Grant did not fail three times, his first three attempts did not achieve the stated goal.
Others may call that failure, but is it? Not if you shrug it off and try something else.
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  #40  
Old 09 Dec 16, 09:49
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Originally Posted by American87 View Post
The capture of New Orleans has also been mentioned a few times, but I don't see the importance. How many supplies did the South lose because it couldn't use N.O. as a port? Didn't the North occupy Pensacola? A Union blockade effort might be made from there, no? I'm not not up on my Gulf operations
New Orleans had ship building capabilities. With the loss of Pensacola, the South had very few places to build ships. The South lost the Civil War because it did not have an adequate navy to combat amphibious operations, especially on her rivers. New Orleans would have given the South the ability to produce more ships, not to mention the two massive ironclads being built there at the time of her fall. Also the loss of New Orleans sealed the fate of Vicksburg early. Had New Orleans been held Vicksburg would have never been besieged. New Orleans also could have produced a lot of clothing and supplies for the Confederate armies. Had Lincoln listened to his naval commanders instead of Northern and Midwestern business interests and let them take Mobile right after New Orleans, the war would probably have never made it to 1864.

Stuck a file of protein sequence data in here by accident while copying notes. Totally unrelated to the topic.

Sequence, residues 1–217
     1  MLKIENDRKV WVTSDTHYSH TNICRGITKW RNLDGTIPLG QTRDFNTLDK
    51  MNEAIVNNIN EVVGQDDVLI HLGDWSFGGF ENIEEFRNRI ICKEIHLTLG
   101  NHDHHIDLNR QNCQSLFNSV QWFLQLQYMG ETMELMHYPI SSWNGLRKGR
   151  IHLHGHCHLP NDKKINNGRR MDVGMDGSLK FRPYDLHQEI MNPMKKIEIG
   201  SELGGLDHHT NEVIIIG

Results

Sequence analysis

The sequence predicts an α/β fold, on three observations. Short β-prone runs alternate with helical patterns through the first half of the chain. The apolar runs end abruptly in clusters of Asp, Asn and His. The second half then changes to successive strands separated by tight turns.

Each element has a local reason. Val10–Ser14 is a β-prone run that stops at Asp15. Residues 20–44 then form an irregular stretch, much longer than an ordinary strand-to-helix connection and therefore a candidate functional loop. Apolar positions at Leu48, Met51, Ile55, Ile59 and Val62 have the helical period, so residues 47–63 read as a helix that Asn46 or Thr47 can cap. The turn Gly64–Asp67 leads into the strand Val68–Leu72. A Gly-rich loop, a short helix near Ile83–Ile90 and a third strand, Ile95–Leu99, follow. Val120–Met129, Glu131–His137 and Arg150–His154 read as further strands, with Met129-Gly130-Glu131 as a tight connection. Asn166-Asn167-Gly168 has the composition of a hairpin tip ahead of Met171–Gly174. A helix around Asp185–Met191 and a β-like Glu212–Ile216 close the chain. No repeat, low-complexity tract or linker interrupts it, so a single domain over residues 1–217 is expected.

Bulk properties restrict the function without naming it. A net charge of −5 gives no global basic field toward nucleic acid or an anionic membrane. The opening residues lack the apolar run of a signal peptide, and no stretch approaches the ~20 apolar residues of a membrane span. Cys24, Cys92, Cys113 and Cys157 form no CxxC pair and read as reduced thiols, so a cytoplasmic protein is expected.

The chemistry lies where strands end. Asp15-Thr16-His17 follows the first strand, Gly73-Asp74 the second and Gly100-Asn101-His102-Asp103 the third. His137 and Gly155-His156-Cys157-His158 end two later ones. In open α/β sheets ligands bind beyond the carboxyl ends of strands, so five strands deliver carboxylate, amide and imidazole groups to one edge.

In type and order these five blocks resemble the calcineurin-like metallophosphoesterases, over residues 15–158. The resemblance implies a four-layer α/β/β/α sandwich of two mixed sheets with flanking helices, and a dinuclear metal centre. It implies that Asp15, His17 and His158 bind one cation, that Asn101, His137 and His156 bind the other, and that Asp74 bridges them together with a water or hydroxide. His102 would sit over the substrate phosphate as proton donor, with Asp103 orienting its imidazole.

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  #41  
Old 09 Dec 16, 10:36
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Originally Posted by American87 View Post
The capture of New Orleans has also been mentioned a few times, but I don't see the importance. How many supplies did the South lose because it couldn't use N.O. as a port? Didn't the North occupy Pensacola? A Union blockade effort might be made from there, no? I'm not not up on my Gulf operations